GeForce GTX 1080 and GTX 1070 Announced

Posted on 07 May 2016 by
Nail Garejev

Nvidia have announced their new Pascal architecture and 16 nm GPUs with a bang – massive GP100 GPU paired with high bandwidth 16 GB HBM2 memory. However, at the moment, GP100 is only present in Tesla compute cards. For gaming, Nvidia have just announced new cards based on smaller chip (likely called GP104) – GTX 1080 and GTX 1070.

GeForce GTX 1080 is the new gaming flagship. Its 7.2 billion transistor GPU has 2560 CUDA cores, clocked at impressive 1607 MHz with boost up to 1733 MHz. Nvidia claims that card should overclock well and reach clocks over 2000 MHz. The card has 8 GB of GDDR5X VRAM, connected via 256 bit bus, providing 320 GB/s bandwidth. GDDR5X is the newer version of GDDR5, offering a considerable increase in bandwidth. Card’s TDP is 180 W. Nvidia claims that GTX 1080 should provide 9 TFLOPS of FP32 performance, which looks respectable, compared to 5.6 TFLOPS of 980 Ti and 6.1 TFLOPS of Titan X. While older Maxwell cards have more cores and slightly higher bandwidth, it seems likely that new architecture and higher clocks can easily offset these differences. There was little information on GTX 1070 with no detailed information about the differences in GPU configuration. GTX 1070 will have 8 GB of older GDDR5 VRAM (256 GB/s) and should offer the performance of 6.5 TFLOPS.

In terms of features, new GTX 10xx cards support DirectX 12 (feature level FL12_1) and Vulkan. There are HDMI 2.0B outputs for 4K at 60 Hz and DisplayPort 1.4 supporting 4K at 120 Hz. Externally, reference cards look like a more angled and “polygonal” version of Nvidia’s previous designs. This time, Nvidia have decided to call reference designs “Founders Editions” and sell them directly at a higher price. There are some rumours that these versions have higher binned and overclocked GPUs, but that is not certain at the moment.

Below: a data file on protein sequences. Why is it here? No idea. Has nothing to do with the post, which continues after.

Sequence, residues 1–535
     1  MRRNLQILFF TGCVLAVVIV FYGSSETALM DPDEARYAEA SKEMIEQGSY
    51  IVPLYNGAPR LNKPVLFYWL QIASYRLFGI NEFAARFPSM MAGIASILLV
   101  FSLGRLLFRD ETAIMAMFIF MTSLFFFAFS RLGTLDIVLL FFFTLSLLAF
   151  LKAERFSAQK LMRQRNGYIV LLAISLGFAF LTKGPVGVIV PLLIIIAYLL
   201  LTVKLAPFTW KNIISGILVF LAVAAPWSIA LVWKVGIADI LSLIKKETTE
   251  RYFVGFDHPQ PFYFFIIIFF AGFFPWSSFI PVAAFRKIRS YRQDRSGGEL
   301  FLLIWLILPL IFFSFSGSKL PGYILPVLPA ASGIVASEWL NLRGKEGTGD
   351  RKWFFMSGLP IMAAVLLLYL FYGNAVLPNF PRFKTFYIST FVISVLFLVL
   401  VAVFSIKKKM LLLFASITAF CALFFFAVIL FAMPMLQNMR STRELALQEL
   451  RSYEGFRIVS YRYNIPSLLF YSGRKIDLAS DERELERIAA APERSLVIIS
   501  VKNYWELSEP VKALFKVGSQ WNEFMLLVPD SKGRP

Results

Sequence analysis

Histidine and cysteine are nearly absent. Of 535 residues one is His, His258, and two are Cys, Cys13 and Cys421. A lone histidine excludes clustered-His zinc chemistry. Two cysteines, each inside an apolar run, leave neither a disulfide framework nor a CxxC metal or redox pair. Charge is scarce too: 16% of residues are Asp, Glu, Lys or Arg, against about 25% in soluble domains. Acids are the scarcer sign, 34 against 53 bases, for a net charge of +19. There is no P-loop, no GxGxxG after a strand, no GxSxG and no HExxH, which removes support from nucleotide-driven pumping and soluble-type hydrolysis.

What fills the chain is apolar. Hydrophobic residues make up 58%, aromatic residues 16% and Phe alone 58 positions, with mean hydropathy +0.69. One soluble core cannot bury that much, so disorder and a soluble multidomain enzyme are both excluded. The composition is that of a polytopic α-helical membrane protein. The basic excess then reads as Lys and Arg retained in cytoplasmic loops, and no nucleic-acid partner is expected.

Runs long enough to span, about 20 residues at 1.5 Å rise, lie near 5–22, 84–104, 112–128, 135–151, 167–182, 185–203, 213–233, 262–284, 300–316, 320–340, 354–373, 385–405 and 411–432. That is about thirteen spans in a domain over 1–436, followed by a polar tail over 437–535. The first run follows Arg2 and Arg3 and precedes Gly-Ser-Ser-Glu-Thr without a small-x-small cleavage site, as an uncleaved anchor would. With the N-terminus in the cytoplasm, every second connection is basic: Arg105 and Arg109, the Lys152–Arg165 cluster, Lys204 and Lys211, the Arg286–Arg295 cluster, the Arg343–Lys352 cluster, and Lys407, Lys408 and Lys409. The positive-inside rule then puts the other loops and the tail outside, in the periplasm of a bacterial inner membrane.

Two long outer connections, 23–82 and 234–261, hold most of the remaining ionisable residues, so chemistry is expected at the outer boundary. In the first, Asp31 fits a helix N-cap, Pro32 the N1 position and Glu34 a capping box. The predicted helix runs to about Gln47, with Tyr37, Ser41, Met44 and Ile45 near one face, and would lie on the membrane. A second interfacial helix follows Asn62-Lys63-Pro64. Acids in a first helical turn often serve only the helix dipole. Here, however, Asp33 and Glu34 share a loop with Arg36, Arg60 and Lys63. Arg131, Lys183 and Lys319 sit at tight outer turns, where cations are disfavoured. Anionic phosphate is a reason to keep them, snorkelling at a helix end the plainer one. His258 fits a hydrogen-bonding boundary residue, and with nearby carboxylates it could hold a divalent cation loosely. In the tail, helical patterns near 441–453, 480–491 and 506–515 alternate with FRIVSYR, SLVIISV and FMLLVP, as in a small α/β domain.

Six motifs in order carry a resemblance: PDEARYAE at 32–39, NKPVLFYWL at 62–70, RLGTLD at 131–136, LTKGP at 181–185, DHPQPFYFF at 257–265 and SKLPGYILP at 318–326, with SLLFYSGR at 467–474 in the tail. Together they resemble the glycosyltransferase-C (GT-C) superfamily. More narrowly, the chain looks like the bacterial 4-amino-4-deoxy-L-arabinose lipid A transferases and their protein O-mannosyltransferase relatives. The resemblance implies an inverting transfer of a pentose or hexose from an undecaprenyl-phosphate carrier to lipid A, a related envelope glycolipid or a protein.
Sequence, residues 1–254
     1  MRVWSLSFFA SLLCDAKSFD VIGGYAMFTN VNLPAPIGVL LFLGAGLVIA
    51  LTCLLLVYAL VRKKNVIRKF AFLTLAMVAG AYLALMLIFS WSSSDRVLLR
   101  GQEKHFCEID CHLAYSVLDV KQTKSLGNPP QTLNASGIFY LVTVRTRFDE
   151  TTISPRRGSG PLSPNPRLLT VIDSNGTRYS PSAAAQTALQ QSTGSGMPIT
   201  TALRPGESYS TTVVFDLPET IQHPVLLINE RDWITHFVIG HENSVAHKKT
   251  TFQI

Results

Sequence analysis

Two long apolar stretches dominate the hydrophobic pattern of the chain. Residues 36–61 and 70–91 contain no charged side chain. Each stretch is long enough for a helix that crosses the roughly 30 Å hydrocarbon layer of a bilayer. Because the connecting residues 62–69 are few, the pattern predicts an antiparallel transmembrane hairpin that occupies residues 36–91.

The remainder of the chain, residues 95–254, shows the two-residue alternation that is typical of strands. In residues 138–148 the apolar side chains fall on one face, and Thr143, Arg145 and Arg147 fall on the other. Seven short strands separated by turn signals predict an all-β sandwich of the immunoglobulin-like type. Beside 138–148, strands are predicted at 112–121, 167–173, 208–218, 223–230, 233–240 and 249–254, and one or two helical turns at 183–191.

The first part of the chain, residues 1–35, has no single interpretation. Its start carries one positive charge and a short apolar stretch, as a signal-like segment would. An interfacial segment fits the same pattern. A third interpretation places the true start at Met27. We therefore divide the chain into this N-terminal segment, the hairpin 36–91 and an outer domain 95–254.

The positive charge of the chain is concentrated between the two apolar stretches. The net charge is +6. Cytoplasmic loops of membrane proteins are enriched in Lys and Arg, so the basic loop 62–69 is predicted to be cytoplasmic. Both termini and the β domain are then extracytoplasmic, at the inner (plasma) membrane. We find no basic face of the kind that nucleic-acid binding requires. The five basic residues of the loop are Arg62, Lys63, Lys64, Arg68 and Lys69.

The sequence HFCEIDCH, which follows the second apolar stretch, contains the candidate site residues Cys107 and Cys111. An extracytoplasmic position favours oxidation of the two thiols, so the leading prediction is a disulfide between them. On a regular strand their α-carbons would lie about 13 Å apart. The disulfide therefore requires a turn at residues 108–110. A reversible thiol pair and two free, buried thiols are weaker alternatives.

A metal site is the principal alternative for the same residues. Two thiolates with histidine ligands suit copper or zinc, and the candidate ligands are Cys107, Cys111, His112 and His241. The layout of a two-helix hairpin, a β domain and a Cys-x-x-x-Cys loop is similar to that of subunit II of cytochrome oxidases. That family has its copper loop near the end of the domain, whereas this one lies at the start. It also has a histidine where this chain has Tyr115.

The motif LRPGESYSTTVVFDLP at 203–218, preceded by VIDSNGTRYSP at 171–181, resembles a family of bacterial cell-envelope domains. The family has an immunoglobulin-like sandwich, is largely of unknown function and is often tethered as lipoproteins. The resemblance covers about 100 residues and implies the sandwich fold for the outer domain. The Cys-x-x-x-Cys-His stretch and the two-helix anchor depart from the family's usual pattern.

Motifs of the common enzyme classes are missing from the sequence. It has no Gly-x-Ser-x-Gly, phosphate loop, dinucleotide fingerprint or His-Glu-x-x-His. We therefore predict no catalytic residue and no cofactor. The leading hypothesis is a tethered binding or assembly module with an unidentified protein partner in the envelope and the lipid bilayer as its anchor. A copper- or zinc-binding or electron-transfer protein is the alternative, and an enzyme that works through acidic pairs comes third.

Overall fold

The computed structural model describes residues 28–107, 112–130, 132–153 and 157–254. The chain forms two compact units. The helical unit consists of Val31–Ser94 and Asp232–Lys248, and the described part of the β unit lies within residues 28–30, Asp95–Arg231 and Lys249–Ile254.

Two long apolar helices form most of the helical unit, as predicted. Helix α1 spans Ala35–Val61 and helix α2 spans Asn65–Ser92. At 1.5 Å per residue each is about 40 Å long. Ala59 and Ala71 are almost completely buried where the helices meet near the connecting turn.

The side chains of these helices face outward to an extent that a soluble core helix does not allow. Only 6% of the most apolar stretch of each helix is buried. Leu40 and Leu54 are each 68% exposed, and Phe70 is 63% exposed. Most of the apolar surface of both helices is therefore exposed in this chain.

While there is a decent raw performance increase, Nvidia have added some additional features to improve multi-monitor, curved monitor image quality and VR performance. Lens Matched Shading is an improved version of Maxwell’s Multi-Res Shading. It uses the information about the VR displays to avoid doing high resolution shading calculations in areas where VR display has low resolution anyway. Another interesting new feature is Simultaneous Multi-Projection, which allows the rendering of multiple geometry viewpoints in a single pass. It can be used to render a more correct image for angled multi-monitor setups and curved displays. When used for the overlapping VR viewpoints, it can calculate geometry for both viewpoints once, reducing overhead. Overall, these additions sound very promising.

Nvidia’s interest in VR is not limited to the new hardware features, they are also offering VRworks for developers to improve VR experience. Existing Gameworks features are part of the package to improve in-game physics and provide particle effects. There is also sound modelling, providing proper sound propagation in the VR world to match the scene. Owners of HTC Vive will be able to try these features in Nvidia’s VR Funhouse.